Alex Tabarrok with a good catch:
In Why Don’t Women Patent?, a recent NBER paper, Jennifer Hunt et al. [Jean-Philippe Garant, Hannah Herman, and David Munroe] present a stark fact: Only 5.5% of the holders of commercialized patents are women. One might think that this is explained by the relative lack of women with science and engineering degrees but Hunt et al. find that “women with such a degree are scarcely more likely to patent than women without.” Instead, most of the difference is “accounted for by differences among those with a science or engineering degree” especially the fact that women are underrepresented in patent-intensive fields such as electrical and mechanical engineering and in development and design.
Predictably, the authors do not ask why women might self-selection into non patent-intensive fields, perhaps because this would require at least a discussion of politically incorrect questions. The failure to investigate these questions leads to some dubious conclusions, notably:
Closing the [gender] gap among S&E degree holders would increase commercialized patents by 24% and GDP per capita by 2.7%.
Right; and since only 10% of construction workers are women, closing the gender gap would result in many more houses. In the case of construction, my suspicion is that gender equality would reduce not increase the amount of construction. In the case of patents, I am not sure what would happen, indeed the point is that without a much better understanding of what causes differences in patent proclivities one shouldn’t jump to conclusions.
First, the all-else-equal fallacy: Assuming that everything else is held constant, even when it’s not gonna be.
As a person who’s written many times about unintended consequences, Alex is well aware of the problems arising from extrapolating a pattern in observational data to make claims about the effects of future intervention.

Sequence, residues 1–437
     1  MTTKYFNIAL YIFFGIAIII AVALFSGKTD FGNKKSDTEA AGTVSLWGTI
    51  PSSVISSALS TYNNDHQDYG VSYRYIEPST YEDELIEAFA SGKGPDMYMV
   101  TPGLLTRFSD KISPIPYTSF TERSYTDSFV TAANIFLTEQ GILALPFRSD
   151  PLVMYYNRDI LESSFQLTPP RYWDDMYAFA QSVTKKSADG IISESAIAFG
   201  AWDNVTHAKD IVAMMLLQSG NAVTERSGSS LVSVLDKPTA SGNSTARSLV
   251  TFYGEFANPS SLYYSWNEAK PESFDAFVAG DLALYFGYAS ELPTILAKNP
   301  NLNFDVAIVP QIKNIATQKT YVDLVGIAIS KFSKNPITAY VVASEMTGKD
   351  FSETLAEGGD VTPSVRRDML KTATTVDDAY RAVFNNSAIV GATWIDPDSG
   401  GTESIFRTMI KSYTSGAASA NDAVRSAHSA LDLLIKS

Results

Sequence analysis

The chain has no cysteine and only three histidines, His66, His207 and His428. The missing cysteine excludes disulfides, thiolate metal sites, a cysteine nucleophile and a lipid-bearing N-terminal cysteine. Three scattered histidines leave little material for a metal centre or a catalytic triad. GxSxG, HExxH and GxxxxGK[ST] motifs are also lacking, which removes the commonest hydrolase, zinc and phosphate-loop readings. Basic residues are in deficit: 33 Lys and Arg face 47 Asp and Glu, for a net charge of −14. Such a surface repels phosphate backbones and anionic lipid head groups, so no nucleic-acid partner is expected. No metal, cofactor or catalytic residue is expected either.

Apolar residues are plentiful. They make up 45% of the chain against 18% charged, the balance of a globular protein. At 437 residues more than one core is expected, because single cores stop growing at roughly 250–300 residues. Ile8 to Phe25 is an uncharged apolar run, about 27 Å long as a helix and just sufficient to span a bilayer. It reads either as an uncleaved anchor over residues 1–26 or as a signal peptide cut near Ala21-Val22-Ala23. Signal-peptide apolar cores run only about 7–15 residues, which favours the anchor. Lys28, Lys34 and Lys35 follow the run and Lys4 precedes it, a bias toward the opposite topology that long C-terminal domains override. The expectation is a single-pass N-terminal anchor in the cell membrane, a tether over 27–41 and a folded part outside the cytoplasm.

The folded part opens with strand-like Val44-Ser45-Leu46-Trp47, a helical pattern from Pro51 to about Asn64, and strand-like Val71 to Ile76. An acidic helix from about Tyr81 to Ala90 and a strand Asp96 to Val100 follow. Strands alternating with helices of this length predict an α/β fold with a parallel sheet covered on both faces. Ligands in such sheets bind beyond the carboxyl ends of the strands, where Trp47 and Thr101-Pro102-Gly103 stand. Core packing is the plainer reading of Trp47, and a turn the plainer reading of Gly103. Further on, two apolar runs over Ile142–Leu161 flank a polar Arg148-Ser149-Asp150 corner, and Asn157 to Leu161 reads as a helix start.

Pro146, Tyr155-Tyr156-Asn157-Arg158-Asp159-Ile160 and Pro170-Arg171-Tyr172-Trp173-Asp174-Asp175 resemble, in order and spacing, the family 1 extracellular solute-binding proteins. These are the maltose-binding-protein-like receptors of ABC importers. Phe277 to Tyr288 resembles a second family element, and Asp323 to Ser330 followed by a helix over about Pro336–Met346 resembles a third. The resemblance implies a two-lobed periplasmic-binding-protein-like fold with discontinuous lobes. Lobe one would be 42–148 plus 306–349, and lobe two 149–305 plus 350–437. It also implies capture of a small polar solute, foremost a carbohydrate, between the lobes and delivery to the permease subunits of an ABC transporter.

Second, there’s story time: When the numbers are put to bed, the stories come out. It’s that all-too-quick moment when the authors pivot from the causal estimates they’ve proved, to their speculations, which, as Kaiser Fung has written, are “no more credible than anybody else’s story.” Maybe less credible, in fact, because researchers can fool themselves into thinking they’ve proved something when they haven’t.
The third problem with Hunt et. al conclusions is the measurement fallacy of taking something that can be easily measured and identifying it with something we care about. Statisticians and quantitative social scientists always have to watch out for this: progress can be made via quantitative analysis, but there is always the difficulty of translation.
In this case, the problem is looking at patents and making claims about technical innovation. As Alex writes,
The quick jump from patents to innovation is also unwarranted—there is very little evidence that patents increase innovation. Moreover, most innovations are not patented.
Indeed. As anecdotal evidence, I will submit this in favor of Alex’s first point, and my entire career in support of his second.
Just to be clear . . .
This is not to say that the work of Hunt et al. is valueless. I’m a big fan of looking at patterns in data. My colleagues and I wrote a whole book about income and voting, even though (a) the incomes being analyzed were imperfect survey responses and (b) we’d probably be interested in wealth more than income, if we only had good measurements of wealth. And then we yammered on about “rich” and “poor.” So it’s all a matter of degree. I have not read the Hunt et al. paper (clicking through took me to a page with the abstract and a note that I’d have to pay $5 for the whole article), but based on the abstract, it looks like they’ve gone a bit further in their conclusions than their data warrant.